Snapchat, the shiniest new object in social media (at least as far as publicly-traded companies go), held its third earnings call since its initial public offering (IPO) recently, and the little ghost is struggling. Let’s see what the company had to report.
Snapchat reports its userbase by quarterly averaged daily active users, meaning the number of users who are active daily on average throughout the quarter. In Q3, its rate of growth dropped:
From 4.22% quarter-over-quarter growth to 2.89% growth, Snapchat clearly showed signs that its growth phase is over. This growth number is also psychologically important because it’s below Facebook’s quarter-over-quarter growth number – and Facebook has nearly complete market saturation.
Digging in more thoroughly, Snapchat’s growth was flat in North America, while it was sharply down in the rest of the world.
Snapchat’s revenue declined quarter-over-quarter as it had in the previous year between Q2 and Q3:
This loss is contrary to its social media competitors; both Facebook and Twitter notched modest revenue growth in Q3. In the earnings call, Snapchat CEO Evan Spiegel attributed the loss to rapidly declining advertising costs; cost per thousand impressions dropped rapidly as the platform became more programmatic and self-service.
Snapchat’s struggles with ad dollars is reflected in its rapidly decelerating average revenue per user (ARPU):
Compared to Twitter ($1.50 ARPU) and Facebook ($4.90), Snapchat is leaving lots of money on the table.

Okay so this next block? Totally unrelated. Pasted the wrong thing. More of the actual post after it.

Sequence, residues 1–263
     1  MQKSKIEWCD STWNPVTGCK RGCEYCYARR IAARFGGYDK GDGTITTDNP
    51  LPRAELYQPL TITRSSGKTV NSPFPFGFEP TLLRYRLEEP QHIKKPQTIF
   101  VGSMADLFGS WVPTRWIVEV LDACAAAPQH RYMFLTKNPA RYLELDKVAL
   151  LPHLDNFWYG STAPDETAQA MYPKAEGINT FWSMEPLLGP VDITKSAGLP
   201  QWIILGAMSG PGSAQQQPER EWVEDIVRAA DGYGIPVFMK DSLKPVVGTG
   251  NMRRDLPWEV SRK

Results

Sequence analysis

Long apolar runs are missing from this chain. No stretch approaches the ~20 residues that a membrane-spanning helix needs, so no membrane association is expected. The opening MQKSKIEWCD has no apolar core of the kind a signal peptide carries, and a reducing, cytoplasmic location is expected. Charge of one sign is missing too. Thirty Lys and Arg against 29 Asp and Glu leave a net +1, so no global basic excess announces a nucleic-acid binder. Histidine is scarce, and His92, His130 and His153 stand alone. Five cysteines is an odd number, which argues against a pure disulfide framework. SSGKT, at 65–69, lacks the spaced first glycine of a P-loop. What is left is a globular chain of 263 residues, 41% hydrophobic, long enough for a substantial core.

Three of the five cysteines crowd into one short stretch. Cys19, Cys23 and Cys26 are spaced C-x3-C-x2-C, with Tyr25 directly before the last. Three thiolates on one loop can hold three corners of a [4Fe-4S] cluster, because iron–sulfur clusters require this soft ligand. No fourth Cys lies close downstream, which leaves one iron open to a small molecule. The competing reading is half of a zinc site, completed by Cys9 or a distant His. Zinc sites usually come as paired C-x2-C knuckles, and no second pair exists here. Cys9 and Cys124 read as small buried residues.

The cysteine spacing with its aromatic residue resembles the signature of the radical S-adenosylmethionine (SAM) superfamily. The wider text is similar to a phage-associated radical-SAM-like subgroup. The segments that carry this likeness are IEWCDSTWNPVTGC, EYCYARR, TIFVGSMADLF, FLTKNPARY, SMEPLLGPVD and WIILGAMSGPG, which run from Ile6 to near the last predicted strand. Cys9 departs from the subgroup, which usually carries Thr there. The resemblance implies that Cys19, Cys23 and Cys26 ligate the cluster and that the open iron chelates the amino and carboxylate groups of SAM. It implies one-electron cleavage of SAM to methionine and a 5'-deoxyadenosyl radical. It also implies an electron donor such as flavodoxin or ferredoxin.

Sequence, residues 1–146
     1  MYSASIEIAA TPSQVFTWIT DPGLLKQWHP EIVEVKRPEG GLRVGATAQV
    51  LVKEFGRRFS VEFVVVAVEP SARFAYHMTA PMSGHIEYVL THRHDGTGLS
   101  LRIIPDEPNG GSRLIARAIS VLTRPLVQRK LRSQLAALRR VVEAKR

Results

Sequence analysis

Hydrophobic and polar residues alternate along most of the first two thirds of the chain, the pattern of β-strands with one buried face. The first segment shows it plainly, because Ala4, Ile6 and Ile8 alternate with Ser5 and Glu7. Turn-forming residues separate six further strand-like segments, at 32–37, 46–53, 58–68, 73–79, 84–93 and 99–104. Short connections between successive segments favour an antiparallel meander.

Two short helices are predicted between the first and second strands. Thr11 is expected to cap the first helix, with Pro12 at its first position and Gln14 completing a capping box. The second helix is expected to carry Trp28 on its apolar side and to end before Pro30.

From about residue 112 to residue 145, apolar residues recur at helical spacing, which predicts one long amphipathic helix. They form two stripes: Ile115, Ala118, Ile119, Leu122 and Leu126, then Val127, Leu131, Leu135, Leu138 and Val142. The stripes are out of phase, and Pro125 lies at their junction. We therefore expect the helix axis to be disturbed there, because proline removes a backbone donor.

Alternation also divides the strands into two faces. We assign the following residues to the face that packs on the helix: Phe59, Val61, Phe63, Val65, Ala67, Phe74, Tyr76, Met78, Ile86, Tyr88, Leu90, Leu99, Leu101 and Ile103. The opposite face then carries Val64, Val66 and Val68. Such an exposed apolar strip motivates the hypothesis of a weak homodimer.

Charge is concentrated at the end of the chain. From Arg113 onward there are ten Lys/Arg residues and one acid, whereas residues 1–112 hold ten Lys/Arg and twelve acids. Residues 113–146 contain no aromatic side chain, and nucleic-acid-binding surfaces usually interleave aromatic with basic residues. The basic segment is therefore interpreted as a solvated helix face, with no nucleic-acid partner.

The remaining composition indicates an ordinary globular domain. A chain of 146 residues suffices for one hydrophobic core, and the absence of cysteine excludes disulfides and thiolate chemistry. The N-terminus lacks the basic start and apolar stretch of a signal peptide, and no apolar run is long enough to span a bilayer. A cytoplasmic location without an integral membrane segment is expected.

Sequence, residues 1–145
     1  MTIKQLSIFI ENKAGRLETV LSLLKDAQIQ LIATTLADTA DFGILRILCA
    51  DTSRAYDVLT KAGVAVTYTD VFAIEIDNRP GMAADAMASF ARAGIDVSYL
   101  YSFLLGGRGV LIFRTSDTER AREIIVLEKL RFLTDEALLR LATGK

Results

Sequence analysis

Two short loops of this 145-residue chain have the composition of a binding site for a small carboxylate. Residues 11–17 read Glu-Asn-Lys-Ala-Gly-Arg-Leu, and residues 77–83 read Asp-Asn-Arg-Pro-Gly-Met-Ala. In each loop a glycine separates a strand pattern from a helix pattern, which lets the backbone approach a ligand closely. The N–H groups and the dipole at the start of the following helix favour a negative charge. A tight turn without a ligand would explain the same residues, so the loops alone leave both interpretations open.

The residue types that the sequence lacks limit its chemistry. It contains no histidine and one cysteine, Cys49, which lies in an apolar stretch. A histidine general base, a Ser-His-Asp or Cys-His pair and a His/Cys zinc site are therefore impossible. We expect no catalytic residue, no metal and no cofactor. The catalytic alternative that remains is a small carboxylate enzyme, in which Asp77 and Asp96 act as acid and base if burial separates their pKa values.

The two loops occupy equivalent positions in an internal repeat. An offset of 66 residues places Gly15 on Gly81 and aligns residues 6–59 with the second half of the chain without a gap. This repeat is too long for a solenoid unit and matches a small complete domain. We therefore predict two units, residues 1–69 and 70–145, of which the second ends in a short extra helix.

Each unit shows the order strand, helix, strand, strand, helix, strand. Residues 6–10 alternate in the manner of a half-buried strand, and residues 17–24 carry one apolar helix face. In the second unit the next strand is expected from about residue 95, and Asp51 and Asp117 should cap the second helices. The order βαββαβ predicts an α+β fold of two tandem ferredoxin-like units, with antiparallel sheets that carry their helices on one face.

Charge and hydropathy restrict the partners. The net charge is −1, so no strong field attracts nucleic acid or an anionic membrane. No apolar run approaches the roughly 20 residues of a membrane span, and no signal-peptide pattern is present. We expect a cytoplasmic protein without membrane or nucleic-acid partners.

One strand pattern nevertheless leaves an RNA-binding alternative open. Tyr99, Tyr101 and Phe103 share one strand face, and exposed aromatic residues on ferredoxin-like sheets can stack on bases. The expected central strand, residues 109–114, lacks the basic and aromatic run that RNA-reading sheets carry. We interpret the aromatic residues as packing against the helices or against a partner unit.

The holiday season in Q4 is Snapchat’s make-or-break quarter. If they don’t crush it this holiday season, investors may give up on the company entirely.
What Should Marketers and Communicators Do?
Snapchat’s new ad platform and low prices mean that if your audience (mostly 18-34 year olds) is on Snapchat – a select demographic – then by all means take advantage of its low prices to advertise on the cheap.
However, Snapchat should no longer be a core part of your social media strategy if you don’t primarily serve the 18-34 year old market. Many of its features and most of its users are also available on Instagram; Instagram’s survival and success seems far more assured as part of the Facebook family than Snapchat’s struggles. Create content with an eye towards reuse on Snapchat, but create principally for Instagram first.
Snapchat needs to show its viability in Q4; if they don’t, prepare to throw in the towel on the platform.
Christopher S. Penn
Vice President, Marketing Technology